Our flood risk results in Check your flood risk by post code are for an area within 10 metres of the address selected in the post code search bar.
To do this, we draw an imaginary line 10 metres away from the main building outline and identify the highest risk level within the search radius using information contained within the Flood Risk Assessment Wales map. Multiple buildings at the same address are not selected.
The search radius could include gardens, other parts of the property or where a car is parked on a street. Properties with large garden or boundaries may have a flood risk beyond the 10 metre search area and this can be viewed in our Flood Risk Assessment Wales map.
If a building is near a river, it may have a reduced risk of flooding if there is a flood defence providing some protection. However, beyond that flood defence and within 10 metres of the property there could be a high risk of flooding and this is displayed in the risk rating.
The risk to multiple buildings at an address or within the wider area can be viewed in our Flood Risk Assessment Wales map.
We record historical flooding from rivers, the sea and, in some locations, from surface water and small watercourses . However, this is only in locations where we are aware of flooding and have reasonable confidence in the records.
Our Check your flood risk tool lets you know if we have a record of flooding within an area.
You can also view historical flooding on a map by ticking the ‘Recorded flood extents’ layer in the FRAW map. The map provides additional information of when the flooding was recorded.
If an area is shown as having flooded in the past:
- it doesn’t mean that flooding will occur in the same way in the future as there may have been changes in the area affecting the pattern of flooding.
- it doesn't mean that properties in that area flooded internally
Similarly, if an area shows no recorded flooding:
- it doesn't mean it has never flooded (there may be no records or unreliable records)
- it doesn’t mean it won't flood in the future
As more data on historic flooding comes to light, and as flood incidents occur, then we will record this where adequate information is available.
Other organisations such as the local authority may hold further information about flood risk and historic flooding records. Contact the local authority for any historic flood information for surface water and small watercourses.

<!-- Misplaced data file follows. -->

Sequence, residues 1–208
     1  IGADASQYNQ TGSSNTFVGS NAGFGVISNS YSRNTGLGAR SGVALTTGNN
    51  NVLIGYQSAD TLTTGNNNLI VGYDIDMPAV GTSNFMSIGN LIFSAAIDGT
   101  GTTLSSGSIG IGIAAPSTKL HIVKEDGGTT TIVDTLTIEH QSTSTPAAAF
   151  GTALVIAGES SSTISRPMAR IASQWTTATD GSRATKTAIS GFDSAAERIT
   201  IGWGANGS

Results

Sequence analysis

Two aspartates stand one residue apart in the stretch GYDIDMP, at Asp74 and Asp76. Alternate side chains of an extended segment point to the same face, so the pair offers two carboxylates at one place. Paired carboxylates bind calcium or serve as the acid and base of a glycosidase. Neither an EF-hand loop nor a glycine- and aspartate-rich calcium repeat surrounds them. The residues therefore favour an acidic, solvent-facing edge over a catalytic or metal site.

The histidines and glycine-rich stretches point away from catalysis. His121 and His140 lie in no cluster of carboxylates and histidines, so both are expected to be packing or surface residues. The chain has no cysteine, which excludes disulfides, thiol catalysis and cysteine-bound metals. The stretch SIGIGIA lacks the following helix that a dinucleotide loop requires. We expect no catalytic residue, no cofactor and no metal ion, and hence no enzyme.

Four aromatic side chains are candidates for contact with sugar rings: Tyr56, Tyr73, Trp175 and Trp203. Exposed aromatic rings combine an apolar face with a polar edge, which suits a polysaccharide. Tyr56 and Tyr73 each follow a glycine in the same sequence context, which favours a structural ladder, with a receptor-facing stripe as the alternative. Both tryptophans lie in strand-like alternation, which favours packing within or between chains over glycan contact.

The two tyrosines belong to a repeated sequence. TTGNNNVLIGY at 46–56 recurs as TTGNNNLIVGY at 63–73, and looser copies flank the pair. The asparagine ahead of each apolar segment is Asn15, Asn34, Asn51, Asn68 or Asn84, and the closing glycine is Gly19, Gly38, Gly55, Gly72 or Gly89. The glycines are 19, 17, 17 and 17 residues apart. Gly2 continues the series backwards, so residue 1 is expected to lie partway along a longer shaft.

Flood risk can change over time
Your address might be shown as at risk of flooding but you’ve lived there for many years and it hasn’t flooded during that time.
This is because flood risk is not the same as whether an area has flooded before. Flood risk can change over time and might increase or decrease with changing land use.
Flood risk might increase with:
- heavier or longer periods of rain
- more impenetrable surfaces like tarmac
- fewer trees and vegetation
- climate change
Flood risk might decrease with:
- flood defences
- managing the environment to give better natural protection from flooding
Updating our flood risk information
Your risk result represents the best information currently available to us and may differ to information provided by other organisations. It reflects a snapshot in time and may not take account local changes, for example a change in ground levels as a result of new development.
We will take account of evidence from others on flood risk when we update our maps and include this information if it meets agreed quality standards.
We aim to update our flood risk information for rivers and sea every six months, in May and November. This will include any new information available to us.
This includes any new information that might change your flood risk, such as the construction of new flood defences.
We update the risk of flooding from surface water and small watercourses less frequently. This is due to the complexity of the modelling process and the availability of new topographical information.
The ‘Risk level under review’ layer in the FRAW map shows locations where information may change within the next 6 months, as new information becomes available. In some cases, the risk level under review may be shown for longer than 6 months if the information has not been made available during this time.
For more information about 'Risk level under review', contact DataDistribution@naturalresourceswales.gov.uk
Flood risk insurance and mortgages
Commercial bodies will consider the flood risk to individual properties and any land within the property boundary, not just whether a property may be in a flood risk area.
We don’t have a role in deciding insurance cover or setting premiums. Insurers are free to use our flood risk data to decide whether to offer insurance for a property and at what price.
Insurers may use our flood risk data alongside:
- their own risk maps and modelling
- maps and information from other data providers
- past insurance claims
- independent surveys
We tell insurers when we are building flood defences or have plans to build them in the future. If a home is uninsurable, it may adversely affect the chances of securing a mortgage.
If you can’t get flood insurance for your property or it is unaffordable, try contacting FloodRe.
FloodRe is a scheme to make insurance more affordable for homes that are at risk of flooding.
If you're having problems finding cover or do not fit the criteria for Flood Re, try contacting a broker via the British Insurance Brokers’ Association.
If you are still experiencing problems please contact the National Flood Forum.
Contact us if
- you think the flood risk for your address is wrong for flooding from rivers or the sea. You might be able to challenge the flood risk we give for your area
- you would like further information about the risk information in the Flood Risk Assessment Wales map
Contact your local authority if you think the flood risk for your address is wrong for flooding from surface water and small watercourses.
Please read the Disclaimer for our flood and coastal erosion risk mapping to learn about our liabilities for displaying risk results for a location.